6.2 Following an application:
• The application will be advertised by the registration authority.
• The applicant may be asked to supply further information.
• Representations will be copied to the applicant for comment.
• The application may be referred to the Planning Inspectorate.
• A hearing or public inquiry may be held. If there is a public inquiry into an application under Schedule 2, and the inspector decides a party has behaved unreasonably, a costs order can be made against that party.
• A written decision will be issued.
• If the application is granted, the register will be amended.
7.1 If you are applying to register or deregister land under any provision in Schedule 2 you will be required to show, in your application, details of the provisional registration of the land under the 1965 Act. You can find out whether the land was provisionally registered, whether the provisional registration was confirmed or cancelled, the land contained in any provisional registration, and any relevant dates, by referring to the commons registers and records held by the registration authority.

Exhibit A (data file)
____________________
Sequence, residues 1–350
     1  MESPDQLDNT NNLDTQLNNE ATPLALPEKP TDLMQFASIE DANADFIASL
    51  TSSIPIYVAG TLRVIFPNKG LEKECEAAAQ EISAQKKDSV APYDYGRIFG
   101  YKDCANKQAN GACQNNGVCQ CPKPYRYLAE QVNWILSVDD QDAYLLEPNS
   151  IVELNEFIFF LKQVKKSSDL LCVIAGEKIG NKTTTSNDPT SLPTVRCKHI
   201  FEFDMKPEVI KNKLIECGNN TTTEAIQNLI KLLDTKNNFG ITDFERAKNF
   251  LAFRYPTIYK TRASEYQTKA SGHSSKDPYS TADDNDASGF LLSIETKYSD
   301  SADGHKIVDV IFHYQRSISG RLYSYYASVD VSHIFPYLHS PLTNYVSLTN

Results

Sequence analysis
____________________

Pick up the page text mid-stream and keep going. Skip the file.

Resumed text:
7.2 To make an enquiry, you will need to supply the following:
• your name, address, email address and telephone number,
• the register unit number (or the name or location of the common or village
• the name of the parish or district,
• the rights entry number (if you require details about particular rights).
There is no charge for your own inspection of the registers or other records. You can usually make copies using a camera, public photocopying machine or tracing paper, or by transcription, and no fee is payable. If you ask the registration authority to give you copies of the register it may charge a fee. It is better to make an appointment if you wish to inspect the records yourself.
You usually will need to supply a map to support your application. The map must be an Ordnance Survey map, with a scale of at least 1:2,500 to show any land you want to add or remove from the register, unless the land is wholly or predominately moorland in which case you may use a map with a scale of at least 1:10,560.
However, if you are applying to register land under paragraphs 2 to 5 of Schedule 2 to the 2006 Act, and the area included in your application is the entirety of a cancelled register unit, you may — instead of a map — refer to the register unit number of the cancelled unit.
8.1 Applications must be made on or before 4 May 2032 on the relevant form as set out in the Commons Act 2006 (Corrections, Non-Registration or Mistaken Registration) (Wales) Regulations 2017 here. Guidance notes, how to make an application and instructions on where to obtain forms for applications are available from the Welsh Government here.